Then Tracy introduced us to the group and translated Becky’s explanation of Rueda. The six of us who had practiced together the previous week demonstrated the moves to Becky’s calls of “da me” and “enshufla doble.” For the next hour or so, Becky, with the help of Tracy and me, taught eight or nine moves. The 50 Vietnamese people were quick learners and want us to return. Afterwards, we were invited to drink some lemon tea at a streetside stand by the studio with many of the dancers. From there, the group was heading to a Salsa club downtown. Becky and I wanted to go, but Sivan was home alone (Amali was in Laos captaining her team at a basketball tournament -- another story) and we hadn’t eaten dinner. After quick goodbyes, Becky and I set off to find a restaurant.
We walked to a strip of restaurants that we had passed on our way to the studio and were drawn to the one where we saw a group of four older men at a little plastic table, drinking beer and singing boldly, to the guitar that one was playing. We sat at a table next to them and listened as they sang a variety of Vietnamese songs – some patriotic marches (you could tell by the rousing choruses of "Viet Nam! Ho Chi Minh!" and some that sounded more like traditional folk songs.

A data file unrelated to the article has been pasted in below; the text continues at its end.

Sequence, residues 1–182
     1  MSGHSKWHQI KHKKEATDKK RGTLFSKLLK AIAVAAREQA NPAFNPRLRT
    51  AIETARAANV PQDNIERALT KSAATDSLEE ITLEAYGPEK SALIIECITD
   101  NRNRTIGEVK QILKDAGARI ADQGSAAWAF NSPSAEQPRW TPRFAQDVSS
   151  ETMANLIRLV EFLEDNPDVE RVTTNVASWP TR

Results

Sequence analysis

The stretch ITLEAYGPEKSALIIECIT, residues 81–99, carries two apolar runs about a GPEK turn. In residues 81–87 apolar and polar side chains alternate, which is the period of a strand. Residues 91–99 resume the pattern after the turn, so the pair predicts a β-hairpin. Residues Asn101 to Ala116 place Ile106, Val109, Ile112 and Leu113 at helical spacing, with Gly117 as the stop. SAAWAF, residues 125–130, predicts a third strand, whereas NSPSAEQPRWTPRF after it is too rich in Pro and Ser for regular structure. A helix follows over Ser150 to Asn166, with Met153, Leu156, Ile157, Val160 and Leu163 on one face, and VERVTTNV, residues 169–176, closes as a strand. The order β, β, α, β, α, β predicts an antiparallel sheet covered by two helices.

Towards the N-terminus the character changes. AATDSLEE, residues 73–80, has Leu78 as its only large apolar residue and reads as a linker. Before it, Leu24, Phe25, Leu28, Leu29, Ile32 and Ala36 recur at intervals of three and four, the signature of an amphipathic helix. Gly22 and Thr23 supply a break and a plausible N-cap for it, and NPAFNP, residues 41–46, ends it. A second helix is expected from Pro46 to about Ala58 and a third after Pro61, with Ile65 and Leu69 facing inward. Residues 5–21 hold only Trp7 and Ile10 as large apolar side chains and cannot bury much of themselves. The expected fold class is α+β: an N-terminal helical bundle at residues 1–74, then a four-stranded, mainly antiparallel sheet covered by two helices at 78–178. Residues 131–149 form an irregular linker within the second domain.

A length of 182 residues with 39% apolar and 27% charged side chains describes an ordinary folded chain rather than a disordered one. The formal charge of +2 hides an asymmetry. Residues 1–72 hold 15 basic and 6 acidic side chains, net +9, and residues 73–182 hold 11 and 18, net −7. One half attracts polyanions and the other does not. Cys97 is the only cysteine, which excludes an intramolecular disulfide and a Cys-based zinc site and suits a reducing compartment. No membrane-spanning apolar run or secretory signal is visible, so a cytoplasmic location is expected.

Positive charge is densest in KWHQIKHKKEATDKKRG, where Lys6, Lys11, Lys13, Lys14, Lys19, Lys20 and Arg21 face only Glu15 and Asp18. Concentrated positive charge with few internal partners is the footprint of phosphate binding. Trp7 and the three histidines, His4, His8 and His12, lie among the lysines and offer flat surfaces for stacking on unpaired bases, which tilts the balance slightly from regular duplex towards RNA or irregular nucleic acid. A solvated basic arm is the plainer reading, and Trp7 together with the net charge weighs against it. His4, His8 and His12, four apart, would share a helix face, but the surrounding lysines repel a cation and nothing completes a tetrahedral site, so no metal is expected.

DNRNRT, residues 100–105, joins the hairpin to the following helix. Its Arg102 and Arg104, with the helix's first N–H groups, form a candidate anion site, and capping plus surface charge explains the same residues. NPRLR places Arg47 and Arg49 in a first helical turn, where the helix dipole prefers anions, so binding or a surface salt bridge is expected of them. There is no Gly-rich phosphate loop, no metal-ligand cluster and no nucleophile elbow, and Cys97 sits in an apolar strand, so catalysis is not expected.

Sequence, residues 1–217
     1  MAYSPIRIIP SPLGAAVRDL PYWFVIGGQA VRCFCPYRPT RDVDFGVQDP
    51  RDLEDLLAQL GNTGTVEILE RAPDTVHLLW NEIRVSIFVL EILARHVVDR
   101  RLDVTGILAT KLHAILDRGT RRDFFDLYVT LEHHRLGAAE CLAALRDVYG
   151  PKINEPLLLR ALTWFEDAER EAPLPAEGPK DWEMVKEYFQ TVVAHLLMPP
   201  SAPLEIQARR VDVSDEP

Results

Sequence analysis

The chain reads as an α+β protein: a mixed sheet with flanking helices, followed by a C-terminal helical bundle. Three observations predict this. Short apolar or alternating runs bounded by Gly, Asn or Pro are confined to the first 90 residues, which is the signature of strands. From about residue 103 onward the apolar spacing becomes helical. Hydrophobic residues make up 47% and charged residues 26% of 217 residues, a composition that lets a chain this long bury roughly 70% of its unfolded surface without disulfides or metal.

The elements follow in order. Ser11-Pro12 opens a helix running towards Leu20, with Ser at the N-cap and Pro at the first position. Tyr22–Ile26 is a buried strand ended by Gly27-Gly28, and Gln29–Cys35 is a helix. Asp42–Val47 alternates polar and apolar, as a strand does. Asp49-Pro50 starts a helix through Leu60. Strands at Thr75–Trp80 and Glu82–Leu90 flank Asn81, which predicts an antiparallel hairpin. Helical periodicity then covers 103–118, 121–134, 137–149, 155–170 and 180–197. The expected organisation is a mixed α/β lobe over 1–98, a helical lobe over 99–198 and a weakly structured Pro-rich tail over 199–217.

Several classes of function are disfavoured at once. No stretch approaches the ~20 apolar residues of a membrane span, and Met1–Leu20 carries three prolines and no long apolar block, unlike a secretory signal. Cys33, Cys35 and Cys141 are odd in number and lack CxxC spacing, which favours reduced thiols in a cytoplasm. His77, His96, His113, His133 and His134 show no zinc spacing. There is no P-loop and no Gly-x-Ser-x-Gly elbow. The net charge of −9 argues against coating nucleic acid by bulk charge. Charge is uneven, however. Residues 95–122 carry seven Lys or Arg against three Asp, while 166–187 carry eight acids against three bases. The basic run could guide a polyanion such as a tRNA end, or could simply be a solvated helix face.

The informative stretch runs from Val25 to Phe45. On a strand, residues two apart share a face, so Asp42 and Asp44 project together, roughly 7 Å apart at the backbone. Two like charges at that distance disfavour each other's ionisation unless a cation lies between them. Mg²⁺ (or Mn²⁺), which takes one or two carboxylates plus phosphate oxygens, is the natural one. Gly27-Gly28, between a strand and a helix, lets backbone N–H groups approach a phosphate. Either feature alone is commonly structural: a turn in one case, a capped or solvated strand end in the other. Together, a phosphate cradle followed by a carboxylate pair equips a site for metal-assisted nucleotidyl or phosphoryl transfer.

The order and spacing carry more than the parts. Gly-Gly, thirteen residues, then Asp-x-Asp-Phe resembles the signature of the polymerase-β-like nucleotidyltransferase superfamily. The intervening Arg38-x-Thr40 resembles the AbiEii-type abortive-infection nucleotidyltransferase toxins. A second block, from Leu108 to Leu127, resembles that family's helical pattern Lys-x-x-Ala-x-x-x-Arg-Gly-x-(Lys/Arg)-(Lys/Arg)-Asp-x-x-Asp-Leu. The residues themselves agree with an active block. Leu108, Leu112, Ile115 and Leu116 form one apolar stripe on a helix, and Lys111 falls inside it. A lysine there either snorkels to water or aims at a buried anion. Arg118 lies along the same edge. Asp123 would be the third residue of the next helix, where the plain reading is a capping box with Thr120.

We ordered beers and looked over the menu. All the dishes were goat. Headlining the menu was a choice between grilled and fried goat penis. I thought about ordering one, but they were pretty pricey, so we got grilled goat, and a dish of fried goat skin and whole garlic cloves that I did actually order. While we were literally chewing the fat (Vietnamese love to include as much fat and gristle in their chunks of meat as possible), the men at the table next to us continued their serenade. Suddenly I recognized the guitar riff as the opening bars of "Hotel California," which they encouraged us to sing. I knew the words, but it is not an easy song to sing, so while Becky rolled her eyes at my struggles to find the key and keep up with his fast tempo, I did my best. So to get back at her, I gestured for them to give Becky the guitar (again more eye-rolling), but Becky took it and played “Let It Be.” For the next hour, they sang for us and we for them. We toasted and shared beers. Their American song selection was mostly early 60s stuff that Becky and I recognized but couldn’t recall the lyrics. I noted that most of the English language songs that they knew were the same ones on the lists at the Karaoke bars. Then they sang the song Tumbalalaika in Vietnamese and then in English, to which I responded with a verse in Yiddish. These guys were young when the Soviet presence here was strong.
The restaurant staff were putting away the kindergarten sized plastic furniture all around us. The lights were dimmed and we had one more toast and shared our good-byes.